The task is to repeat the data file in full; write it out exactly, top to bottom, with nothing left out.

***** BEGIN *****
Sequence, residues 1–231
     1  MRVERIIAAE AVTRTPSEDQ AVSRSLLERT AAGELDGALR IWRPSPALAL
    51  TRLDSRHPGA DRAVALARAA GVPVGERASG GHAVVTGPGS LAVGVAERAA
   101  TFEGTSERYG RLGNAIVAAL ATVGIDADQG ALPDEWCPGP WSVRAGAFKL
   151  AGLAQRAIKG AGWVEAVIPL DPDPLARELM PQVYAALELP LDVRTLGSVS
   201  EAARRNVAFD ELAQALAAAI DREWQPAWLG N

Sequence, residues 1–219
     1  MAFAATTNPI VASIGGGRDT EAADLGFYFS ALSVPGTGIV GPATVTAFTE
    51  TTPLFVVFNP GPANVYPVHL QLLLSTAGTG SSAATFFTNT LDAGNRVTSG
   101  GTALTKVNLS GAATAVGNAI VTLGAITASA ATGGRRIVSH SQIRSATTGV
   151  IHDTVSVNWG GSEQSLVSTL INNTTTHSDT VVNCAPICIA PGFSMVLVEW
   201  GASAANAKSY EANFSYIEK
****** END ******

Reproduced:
Sequence, residues 1–231
     1  MRVERIIAAE AVTRTPSEDQ AVSRSLLERT AAGELDGALR IWRPSPALAL
    51  TRLDSRHPGA DRAVALARAA GVPVGERASG GHAVVTGPGS LAVGVAERAA
   101  TFEGTSERYG RLGNAIVAAL ATVGIDADQG ALPDEWCPGP WSVRAGAFKL
   151  AGLAQRAIKG AGWVEAVIPL DPDPLARELM PQVYAALELP LDVRTLGSVS
   201  EAARRNVAFD ELAQALAAAI DREWQPAWLG N

Sequence, residues 1–219
     1  MAFAATTNPI VASIGGGRDT EAADLGFYFS ALSVPGTGIV GPATVTAFTE
    51  TTPLFVVFNP GPANVYPVHL QLLLSTAGTG SSAATFFTNT LDAGNRVTSG
   101  GTALTKVNLS GAATAVGNAI VTLGAITASA ATGGRRIVSH SQIRSATTGV
   151  IHDTVSVNWG GSEQSLVSTL INNTTTHSDT VVNCAPICIA PGFSMVLVEW
   201  GASAANAKSY EANFSYIEK